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Looks like a Giant Mosquito, but it's harmless to humans. And it kills mosquitoes

This is something worth knowing about, especially if you have a problem with mosquitoes in a tropical climate. Not all mosquitoes are the same. There are different species, and the ones that get talked about a lot are the mosquitoes that bite people and infect them with diseases such as malaria and dengue fever. Deaths spread by mosquitoes kill about two million people per year worldwide, which is about ten times the number of people killed by other people (in wars, for example).

The deadly mosquitoes are small flies which bite people. The diseases are carried by parasites, and the mosquitoes spread the infection. Therefore it's in your interests to kill the usual small mosquitoes. However, what makes the toxorhynchites species different is that although it is a mosquito, a large one at that, it doesn't bite people, and as well as being harmless to humans it's also predatory upon mosquitoes.

To put it another way, mosquitoes are vampiric insects that bite you. Toxorhynchites is a species of giant mosquito which is a vampire-slaying insect. Therefore, from a human perspective toxorhynchites can be welcomed as good news!

So, if you see a giant mosquito that's an inch long, don't kill it.

Yet the instinct is there to kill all mosquitoes. This is where it's a matter of education. Who would have thought the giant mosquito (elephant mosquito) was your friend not your enemy?!

A similar thing happened at the time of The Great Plague in Europe in Medieval times. Many people were dying of disease but the reasons for the disease were unknown at the time. It was believed by some that it was some sort of religious punishment. It was believed by others that bad smells were the cause. Some people guessed correctly that the problem was rats (it's the fleas on rats that carry the Black Death). However there were as many people who believed the problem was cats, and so there was a mistaken campaign of killing cats. Yet, the fact is that cats kill rats. Therefore, cats should be encouraged because they reduce the amount of plague.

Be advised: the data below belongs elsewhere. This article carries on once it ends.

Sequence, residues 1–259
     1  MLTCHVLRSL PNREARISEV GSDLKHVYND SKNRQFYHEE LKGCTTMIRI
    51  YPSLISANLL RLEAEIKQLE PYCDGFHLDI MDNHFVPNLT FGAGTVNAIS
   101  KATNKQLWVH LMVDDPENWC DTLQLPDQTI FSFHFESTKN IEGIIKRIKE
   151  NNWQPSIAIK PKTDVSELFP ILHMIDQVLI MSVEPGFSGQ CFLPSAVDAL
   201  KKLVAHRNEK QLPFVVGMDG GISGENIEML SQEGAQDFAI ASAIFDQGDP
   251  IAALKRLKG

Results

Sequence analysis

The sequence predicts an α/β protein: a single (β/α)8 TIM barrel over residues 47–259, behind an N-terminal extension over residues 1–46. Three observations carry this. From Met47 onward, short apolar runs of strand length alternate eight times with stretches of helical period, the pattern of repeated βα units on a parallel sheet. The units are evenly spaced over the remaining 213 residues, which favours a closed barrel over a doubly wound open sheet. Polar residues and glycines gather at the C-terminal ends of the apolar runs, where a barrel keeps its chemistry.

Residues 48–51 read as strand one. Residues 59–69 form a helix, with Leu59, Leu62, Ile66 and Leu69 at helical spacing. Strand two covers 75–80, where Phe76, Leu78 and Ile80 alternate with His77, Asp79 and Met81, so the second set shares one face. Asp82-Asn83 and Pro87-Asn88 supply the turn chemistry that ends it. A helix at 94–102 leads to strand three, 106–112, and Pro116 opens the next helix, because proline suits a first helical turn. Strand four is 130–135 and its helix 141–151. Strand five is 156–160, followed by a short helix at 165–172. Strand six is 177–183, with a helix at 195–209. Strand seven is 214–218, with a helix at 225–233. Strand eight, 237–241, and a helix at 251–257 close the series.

Similarly, any species that kill disease-spreading mosquitoes, helps. Bats are good. Also, mosquito-fish, and various other species of predators. Mosquito fish are especially effective versus the mosquito because mosquito young live in water as "mosquito larvae". The fish soon devour these in open water. The problem is that mosquitoes breed in small amounts of stagnant water in canisters lying about, abandoned car tyres, etc. The fish don't get to these. However, the toxorhynchites insect can do. As it's a giant predatory mosquito, the young are giant mosquito larvae. These are very aggressive and will kill and eat the smaller mosquito larvae which would otherwise go on to become nasty blood-sucking pests.

Here are a few helpful links about toxorhynchites...









Since I moved to Panama I've made a point of learning about which of the many tropical species that are so prolific are "good" and which are "bad". Although spiders, snakes, scorpions, poisonous frogs, centipedes, and various other critters have issues, the tiny gnats and little mosquitoes are known to be a big problem. They have bitten me and it's a good thing I have plenty of anti-malarial medication. However, I now know that if I see a giant mosquito, I should let it live.

There have even been campaigns to breed elephant mosquitoes to fight disease, in various places around the world. The effectiveness of such campaigns is questionable, but one of the things that comes as a result of the studies is that the introduction of giant flying insects into an area has to include a campaign of education so people are aware of the human-friendly status of toxorhynchites. This then has the additional advantage that people get to learn about the whole mosquito business, and such things as the importance of getting rid of stagnant water in cans / tyres etc. In Panama this has been common knowledge for many decades, because during the early construction of the Panama Canal, before modern medical advances, many people died, mostly due to diseases such as malaria and yellow-fever, spread by mosquitoes.

If you know more about this than I do, write in, and let's get this page improved!